Discharged over sexual orientation, military still owes thousands of vets

Posted on:

< < Back to

WASHINGTON, D.C. (NPR) — Bob Alexander joined the Air Force in 1990, planning to make it his career. He knew there was a big issue to deal with: Alexander was starting to question his sexual orientation. At the time, gay troops weren’t allowed in the military. In fact, the ban wouldn’t be lifted for another two decades.

“I just decided that I would just follow the rules in terms of not acting on my sexuality. Which meant that for the first 12, 14 years I was alone, celibate, not dating,” he says.

Around the same time Stephan Steffanides joined the Navy, just like his father, uncle, grandfather and great uncle, among others.

“My family’s been serving this country for all of the last century,” Steffanides says.

He served aboard the USS Abraham Lincoln, stationed at Norfolk, Va. But two years into his enlistment, Steffanides got spotted at a gay bar near his base.

“They cut my locker open and found some gay magazines,” he says. Not only was it against the military regulations, gay sex was still illegal in Virginia, and many other states.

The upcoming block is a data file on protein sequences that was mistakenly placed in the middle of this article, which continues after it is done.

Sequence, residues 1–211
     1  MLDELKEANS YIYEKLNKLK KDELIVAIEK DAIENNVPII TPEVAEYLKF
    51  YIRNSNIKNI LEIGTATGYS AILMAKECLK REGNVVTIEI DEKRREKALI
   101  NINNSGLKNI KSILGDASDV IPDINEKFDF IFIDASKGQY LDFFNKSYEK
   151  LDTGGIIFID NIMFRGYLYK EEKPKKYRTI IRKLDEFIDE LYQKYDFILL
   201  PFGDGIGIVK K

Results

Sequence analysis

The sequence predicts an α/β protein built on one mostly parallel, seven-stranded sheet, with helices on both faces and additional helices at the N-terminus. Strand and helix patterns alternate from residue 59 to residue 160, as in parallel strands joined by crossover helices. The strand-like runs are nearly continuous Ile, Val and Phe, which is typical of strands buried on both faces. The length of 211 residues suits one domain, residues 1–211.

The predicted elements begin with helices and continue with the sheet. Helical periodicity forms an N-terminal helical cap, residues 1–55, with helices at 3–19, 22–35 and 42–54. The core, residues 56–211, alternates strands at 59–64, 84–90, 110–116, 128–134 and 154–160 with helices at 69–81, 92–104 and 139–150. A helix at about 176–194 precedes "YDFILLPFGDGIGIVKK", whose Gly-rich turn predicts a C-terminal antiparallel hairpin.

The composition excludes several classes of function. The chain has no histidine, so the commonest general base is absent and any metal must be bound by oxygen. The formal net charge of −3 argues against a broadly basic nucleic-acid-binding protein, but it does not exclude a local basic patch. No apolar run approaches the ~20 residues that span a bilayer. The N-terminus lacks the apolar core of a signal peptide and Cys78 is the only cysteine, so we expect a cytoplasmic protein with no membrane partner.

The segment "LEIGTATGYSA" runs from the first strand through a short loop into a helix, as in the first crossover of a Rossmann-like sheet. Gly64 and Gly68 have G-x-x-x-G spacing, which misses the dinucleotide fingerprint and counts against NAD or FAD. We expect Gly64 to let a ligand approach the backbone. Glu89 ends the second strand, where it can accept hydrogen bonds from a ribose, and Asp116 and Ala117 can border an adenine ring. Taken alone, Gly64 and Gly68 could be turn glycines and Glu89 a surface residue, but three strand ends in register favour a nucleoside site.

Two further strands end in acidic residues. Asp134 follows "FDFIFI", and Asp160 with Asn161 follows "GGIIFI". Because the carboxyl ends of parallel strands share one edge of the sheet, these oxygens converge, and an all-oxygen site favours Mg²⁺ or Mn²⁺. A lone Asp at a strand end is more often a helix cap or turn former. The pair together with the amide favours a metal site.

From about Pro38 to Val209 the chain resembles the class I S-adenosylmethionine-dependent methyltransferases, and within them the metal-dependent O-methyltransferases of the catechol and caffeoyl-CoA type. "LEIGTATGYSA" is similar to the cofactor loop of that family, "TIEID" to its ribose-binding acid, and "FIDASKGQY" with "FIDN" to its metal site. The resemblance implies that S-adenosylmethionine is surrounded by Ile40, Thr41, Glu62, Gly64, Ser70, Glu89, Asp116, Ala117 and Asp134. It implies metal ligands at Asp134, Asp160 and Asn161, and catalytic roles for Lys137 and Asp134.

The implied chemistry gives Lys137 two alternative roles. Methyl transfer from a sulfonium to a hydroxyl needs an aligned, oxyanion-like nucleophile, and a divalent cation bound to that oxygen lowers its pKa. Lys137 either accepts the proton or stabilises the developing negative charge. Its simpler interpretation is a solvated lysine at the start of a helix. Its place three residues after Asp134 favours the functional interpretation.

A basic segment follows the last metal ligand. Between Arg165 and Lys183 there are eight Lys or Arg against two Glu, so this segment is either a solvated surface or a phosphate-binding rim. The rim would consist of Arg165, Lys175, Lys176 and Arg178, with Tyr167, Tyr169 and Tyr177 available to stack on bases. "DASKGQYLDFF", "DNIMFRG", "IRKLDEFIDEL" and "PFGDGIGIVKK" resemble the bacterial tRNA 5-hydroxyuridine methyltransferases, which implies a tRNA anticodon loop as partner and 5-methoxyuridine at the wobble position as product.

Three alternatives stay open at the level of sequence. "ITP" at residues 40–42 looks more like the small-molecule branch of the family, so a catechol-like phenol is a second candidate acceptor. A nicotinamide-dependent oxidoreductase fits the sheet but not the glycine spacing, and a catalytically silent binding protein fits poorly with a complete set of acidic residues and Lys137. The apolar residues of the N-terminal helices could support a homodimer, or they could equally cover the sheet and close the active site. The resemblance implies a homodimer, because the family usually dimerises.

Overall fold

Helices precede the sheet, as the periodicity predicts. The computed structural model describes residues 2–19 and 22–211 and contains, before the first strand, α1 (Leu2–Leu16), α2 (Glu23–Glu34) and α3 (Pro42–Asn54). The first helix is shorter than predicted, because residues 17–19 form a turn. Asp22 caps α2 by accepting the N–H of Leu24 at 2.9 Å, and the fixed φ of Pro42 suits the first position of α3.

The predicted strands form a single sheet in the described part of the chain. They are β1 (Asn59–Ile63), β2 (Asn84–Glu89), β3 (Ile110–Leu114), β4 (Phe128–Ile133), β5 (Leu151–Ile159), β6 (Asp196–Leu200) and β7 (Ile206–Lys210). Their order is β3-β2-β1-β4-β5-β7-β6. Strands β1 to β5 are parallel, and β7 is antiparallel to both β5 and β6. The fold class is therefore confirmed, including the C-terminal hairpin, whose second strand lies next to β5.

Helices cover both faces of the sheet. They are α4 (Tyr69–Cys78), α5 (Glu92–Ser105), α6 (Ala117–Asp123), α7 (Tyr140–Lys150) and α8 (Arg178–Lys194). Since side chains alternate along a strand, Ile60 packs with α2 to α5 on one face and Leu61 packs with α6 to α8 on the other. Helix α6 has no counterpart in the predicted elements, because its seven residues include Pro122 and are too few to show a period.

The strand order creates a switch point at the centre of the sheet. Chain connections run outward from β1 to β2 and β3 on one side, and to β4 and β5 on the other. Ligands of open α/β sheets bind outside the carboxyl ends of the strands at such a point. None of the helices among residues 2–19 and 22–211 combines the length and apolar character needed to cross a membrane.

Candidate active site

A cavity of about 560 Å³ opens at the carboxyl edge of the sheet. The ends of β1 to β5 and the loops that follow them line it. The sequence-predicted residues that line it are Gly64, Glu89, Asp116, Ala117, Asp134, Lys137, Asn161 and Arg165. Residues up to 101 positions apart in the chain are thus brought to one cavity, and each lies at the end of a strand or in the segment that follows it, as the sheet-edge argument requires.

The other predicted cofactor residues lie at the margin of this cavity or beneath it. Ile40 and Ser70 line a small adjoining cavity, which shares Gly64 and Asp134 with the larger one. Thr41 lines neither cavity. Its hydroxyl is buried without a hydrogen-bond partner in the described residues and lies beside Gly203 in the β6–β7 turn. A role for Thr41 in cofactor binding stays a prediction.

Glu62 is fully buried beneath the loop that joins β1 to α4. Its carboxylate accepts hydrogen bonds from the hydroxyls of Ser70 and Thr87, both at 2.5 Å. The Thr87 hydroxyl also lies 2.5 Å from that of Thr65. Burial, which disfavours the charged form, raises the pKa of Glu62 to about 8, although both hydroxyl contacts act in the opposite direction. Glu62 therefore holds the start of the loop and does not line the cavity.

“They threw me in the brig, put me on bread and water — it was humiliating –for being gay,” says Steffanides.

Advocates estimate that 114,000 troops were pushed out of the service over the decades due to their sexual orientation, often with a less-than-honorable discharge. That means no automatic VA benefits or free VA health care. It makes getting a civilian job tough because employers often ask about military service. Many vets find it easier to omit that they served rather than explain an other-than-honorable discharge. That’s what Steffanides received.

Ret. Lt. Col. Bob Alexander stayed closeted in the Air Force for 20 years because of the "don't ask, don't tell" policy. He came out when the policy ended, and when he retired, he decided to help those who weren't discharged honorably because of their sexual orientation. He resides in Washington, D.C., and works as a cybersecurity attorney.
Ret. Lt. Col. Bob Alexander stayed closeted in the Air Force for 20 years because of the “don’t ask, don’t tell” policy. He came out when the policy ended, and when he retired, he decided to help those who weren’t discharged honorably because of their sexual orientation. He resides in Washington, D.C., and works as a cybersecurity attorney. [Bob Alexander]
And to make matters worse, that’s how he was suddenly outed to his family.